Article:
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Too Big to Vail

News in Park City has been skewed towards the fight between Vail Resorts (MTN), the city of Park City, and local businesses that include the “Park City” name. Some clever bastards even added a TM to Park City Hill (Bravo…For those about to rock…we salute you). Word even has it that the Chairman of Vail, Robert Katz, is flying in on Wednesday for a fireside chat.

Of course, that is all interesting. However, like a duck, what may be more interesting is what’s happening under the water.

We’ve started hearing rumors that some organizations are asking their personnel not to speak out against Vail. We aren’t insinuating that Vail is dropping the hammer and telling people to “shut up.” We have no idea where these rumored directives originate.

However, it does highlight a potential problem with companies that both dominate a town and an industry. Should they choose, these companies can wield significant power both directly and indirectly. Let’s take an example from a film that performed horribly at the box office and was generally panned by critics. Yes, the (now) Christmas favorite It’s a Wonderful Life. Remember Mr Potter, played by Lionel Barrymore. He was the banker that “owned” the town. No one ever dared to speak out against Mr Potter. No one ever dared to challenge him. He controlled Bedford Fall’s bank. He controlled the real estate. He controlled the businesses. The only person who ever stood up to him was George Bailey, and we see where that initially got him (the watery side of a bridge). Most people aren’t so lucky as to have a guardian angel give them a second chance.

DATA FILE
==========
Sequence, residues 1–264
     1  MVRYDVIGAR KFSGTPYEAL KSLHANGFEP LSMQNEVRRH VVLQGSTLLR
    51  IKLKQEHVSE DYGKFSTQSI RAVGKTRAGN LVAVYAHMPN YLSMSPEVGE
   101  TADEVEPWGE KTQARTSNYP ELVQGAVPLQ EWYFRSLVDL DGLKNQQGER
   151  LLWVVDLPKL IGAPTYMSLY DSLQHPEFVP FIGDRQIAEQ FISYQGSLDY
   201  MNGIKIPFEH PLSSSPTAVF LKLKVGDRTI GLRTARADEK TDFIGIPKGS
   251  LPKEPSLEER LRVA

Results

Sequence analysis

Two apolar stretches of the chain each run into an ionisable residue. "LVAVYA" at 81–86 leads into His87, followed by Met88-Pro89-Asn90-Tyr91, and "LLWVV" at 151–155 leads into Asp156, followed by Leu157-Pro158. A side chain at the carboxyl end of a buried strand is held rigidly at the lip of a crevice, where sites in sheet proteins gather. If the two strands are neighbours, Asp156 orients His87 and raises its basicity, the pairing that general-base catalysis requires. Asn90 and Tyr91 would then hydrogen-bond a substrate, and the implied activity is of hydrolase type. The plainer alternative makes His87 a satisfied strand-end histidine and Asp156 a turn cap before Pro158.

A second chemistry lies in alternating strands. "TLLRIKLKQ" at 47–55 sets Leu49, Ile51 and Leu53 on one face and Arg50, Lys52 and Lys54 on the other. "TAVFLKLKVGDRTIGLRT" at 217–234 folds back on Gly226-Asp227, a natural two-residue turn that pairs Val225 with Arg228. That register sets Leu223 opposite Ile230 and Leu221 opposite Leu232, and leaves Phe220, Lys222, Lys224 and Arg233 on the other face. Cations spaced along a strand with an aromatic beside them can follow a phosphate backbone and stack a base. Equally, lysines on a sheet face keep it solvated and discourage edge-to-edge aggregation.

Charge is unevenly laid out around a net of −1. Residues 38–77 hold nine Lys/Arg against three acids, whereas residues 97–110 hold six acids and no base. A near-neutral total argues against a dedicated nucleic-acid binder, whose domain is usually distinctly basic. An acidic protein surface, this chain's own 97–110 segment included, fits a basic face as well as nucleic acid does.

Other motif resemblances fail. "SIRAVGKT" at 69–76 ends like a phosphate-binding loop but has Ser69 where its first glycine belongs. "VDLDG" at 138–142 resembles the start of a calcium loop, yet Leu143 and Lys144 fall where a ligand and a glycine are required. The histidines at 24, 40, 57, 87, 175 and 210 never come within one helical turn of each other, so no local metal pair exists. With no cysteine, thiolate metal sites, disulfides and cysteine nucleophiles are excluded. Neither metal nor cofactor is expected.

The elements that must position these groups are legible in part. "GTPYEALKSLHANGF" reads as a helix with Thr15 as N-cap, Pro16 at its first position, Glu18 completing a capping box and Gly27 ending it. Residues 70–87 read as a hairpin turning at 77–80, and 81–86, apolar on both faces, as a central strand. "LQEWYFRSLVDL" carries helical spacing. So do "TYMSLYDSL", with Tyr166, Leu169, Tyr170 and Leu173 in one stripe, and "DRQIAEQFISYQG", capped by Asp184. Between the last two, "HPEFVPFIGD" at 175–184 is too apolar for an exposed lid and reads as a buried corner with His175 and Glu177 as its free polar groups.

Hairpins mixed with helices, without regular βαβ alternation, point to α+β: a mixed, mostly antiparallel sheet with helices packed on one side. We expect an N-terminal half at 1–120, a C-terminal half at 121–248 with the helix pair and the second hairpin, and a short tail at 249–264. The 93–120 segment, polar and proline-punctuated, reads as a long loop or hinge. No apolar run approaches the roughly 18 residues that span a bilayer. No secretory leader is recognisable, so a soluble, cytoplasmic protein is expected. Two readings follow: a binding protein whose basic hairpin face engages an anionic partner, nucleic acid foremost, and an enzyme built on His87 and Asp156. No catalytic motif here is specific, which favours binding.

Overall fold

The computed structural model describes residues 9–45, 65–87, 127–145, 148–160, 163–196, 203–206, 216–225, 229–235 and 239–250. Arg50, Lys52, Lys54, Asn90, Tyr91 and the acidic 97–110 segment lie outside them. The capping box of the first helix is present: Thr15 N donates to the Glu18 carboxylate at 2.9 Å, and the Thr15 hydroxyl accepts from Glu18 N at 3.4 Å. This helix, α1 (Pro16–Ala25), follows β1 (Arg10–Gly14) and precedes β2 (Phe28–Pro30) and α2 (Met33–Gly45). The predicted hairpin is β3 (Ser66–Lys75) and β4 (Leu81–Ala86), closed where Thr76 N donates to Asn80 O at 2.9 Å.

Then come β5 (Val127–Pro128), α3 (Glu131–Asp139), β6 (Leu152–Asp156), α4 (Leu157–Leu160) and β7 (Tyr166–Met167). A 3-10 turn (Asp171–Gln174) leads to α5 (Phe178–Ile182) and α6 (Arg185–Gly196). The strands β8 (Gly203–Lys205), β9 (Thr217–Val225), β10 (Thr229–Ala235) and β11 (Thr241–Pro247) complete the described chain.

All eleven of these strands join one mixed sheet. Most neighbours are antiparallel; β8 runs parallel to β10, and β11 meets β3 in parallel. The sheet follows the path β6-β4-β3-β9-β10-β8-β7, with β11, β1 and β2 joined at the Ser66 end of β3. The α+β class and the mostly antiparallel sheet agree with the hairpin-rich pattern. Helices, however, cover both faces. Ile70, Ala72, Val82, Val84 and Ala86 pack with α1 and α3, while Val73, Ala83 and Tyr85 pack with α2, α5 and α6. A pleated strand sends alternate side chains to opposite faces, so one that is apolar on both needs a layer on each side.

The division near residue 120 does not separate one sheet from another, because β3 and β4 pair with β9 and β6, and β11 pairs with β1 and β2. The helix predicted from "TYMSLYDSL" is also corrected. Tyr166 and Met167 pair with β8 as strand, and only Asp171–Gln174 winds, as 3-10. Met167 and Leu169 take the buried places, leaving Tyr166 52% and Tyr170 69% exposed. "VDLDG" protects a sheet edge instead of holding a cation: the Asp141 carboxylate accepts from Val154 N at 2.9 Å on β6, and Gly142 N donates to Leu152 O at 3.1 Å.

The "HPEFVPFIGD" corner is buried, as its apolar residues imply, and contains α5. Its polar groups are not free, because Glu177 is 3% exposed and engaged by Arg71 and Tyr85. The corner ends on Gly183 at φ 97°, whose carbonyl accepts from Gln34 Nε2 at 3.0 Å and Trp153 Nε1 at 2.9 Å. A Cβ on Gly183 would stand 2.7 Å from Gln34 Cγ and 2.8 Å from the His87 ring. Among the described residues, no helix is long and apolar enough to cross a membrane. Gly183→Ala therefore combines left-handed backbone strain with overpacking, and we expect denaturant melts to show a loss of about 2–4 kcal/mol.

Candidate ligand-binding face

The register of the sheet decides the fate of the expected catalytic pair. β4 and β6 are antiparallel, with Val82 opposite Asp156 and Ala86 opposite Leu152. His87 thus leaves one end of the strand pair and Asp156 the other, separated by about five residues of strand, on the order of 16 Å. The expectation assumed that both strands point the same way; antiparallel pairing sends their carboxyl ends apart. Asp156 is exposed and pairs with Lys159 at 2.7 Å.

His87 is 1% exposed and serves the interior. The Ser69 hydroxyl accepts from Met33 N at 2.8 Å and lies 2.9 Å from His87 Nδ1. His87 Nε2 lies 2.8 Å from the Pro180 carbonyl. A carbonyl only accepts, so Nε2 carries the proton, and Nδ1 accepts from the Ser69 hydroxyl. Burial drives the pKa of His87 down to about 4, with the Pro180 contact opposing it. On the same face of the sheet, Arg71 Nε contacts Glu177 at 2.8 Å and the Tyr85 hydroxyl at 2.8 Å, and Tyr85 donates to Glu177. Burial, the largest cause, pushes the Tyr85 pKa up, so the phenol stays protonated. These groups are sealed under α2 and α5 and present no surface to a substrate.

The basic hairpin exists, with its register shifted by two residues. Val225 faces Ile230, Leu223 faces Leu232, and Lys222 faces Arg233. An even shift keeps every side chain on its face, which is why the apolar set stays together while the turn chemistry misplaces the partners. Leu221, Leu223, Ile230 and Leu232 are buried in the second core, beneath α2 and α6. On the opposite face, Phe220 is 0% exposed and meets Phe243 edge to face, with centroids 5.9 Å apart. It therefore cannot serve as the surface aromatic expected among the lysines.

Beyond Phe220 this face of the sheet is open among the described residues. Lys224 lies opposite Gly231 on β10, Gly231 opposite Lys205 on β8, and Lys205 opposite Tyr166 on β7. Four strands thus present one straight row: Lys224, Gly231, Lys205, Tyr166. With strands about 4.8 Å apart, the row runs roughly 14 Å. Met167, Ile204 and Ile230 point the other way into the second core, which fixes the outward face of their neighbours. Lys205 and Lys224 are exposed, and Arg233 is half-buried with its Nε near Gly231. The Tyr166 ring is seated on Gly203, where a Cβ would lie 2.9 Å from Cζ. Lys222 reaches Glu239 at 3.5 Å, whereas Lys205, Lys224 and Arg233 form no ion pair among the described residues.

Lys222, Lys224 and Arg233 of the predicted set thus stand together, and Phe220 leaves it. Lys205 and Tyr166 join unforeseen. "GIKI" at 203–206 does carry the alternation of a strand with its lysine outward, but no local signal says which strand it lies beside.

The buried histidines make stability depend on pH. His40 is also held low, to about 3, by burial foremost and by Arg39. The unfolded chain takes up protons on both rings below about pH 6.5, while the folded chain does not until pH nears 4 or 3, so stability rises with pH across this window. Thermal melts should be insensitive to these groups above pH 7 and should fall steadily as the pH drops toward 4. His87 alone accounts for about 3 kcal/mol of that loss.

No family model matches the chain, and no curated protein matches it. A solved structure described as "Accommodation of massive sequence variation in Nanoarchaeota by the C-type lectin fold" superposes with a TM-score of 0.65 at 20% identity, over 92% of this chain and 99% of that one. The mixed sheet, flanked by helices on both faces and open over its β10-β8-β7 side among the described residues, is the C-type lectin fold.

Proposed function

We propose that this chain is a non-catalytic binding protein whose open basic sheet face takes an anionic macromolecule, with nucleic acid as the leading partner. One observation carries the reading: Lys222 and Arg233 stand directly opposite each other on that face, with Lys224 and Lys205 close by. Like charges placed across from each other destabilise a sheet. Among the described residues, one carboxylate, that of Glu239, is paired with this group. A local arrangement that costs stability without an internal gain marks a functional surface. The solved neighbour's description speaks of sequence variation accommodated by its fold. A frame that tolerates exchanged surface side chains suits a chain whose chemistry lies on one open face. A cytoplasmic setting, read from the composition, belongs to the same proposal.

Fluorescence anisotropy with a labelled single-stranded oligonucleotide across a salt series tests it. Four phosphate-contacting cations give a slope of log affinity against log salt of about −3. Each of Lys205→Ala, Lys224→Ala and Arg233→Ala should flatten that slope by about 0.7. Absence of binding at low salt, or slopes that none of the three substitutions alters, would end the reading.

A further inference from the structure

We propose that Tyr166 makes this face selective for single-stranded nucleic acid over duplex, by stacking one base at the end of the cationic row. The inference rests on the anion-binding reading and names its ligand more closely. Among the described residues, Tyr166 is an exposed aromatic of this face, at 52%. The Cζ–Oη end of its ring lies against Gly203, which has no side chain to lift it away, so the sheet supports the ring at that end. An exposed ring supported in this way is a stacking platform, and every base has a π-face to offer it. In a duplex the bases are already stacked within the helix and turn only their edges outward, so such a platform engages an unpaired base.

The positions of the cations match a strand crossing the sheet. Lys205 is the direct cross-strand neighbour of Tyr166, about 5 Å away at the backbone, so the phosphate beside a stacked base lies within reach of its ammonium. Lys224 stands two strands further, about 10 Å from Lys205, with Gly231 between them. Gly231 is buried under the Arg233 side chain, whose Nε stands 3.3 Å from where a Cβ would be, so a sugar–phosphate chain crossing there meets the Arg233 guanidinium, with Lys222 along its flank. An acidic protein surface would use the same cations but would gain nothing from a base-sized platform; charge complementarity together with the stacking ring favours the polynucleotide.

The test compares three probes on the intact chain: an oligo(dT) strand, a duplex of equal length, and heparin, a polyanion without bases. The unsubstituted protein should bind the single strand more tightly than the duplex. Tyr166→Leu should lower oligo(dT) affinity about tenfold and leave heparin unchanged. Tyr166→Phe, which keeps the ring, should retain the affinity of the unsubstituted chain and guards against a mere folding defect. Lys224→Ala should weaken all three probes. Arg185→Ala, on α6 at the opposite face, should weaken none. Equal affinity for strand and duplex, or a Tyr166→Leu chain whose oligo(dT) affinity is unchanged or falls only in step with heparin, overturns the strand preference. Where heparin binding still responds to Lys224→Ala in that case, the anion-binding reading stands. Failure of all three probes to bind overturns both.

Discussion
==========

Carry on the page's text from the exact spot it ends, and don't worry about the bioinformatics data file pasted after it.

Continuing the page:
Of course Park City and Vail aren’t a movie. Yet, that makes the stakes that much higher.

The first danger in Vail controlling too much of Park City is that they may have too much influence on local businesses. Many local businesses, that come to depend on Vail likely would place survival of their company ahead of “making smart choices for the town” when making decisions. Their Vail business becomes a dependency.

Likewise, local non-profits are in the same boat. If a company is providing tens (or hundreds) of thousand of dollars in donations to the non-profit, can members of the non-profit speak their conscious on matters important to the community (especially those where their opinion does not agree with their benefactor)? Let me phrase that a different way, “if you were the head of Park City Ed Foundation, would you ever speak out against Vail on the trademark issue? No!!!… Even if Vail was Mother Theresa, you’d be a fool to do that.

In many ways, we’re overstating the obvious. You don’t bite the hand that feeds you.

This isn’t a slag on Vail. If we were a MTN investor from New Jersey, who had never visited our little town, We’d likely want Vail to find a way to force Park City Municipal to change their name. Vail has a responsibility to its shareholders to maximize profit. We get it. It’s part of the game.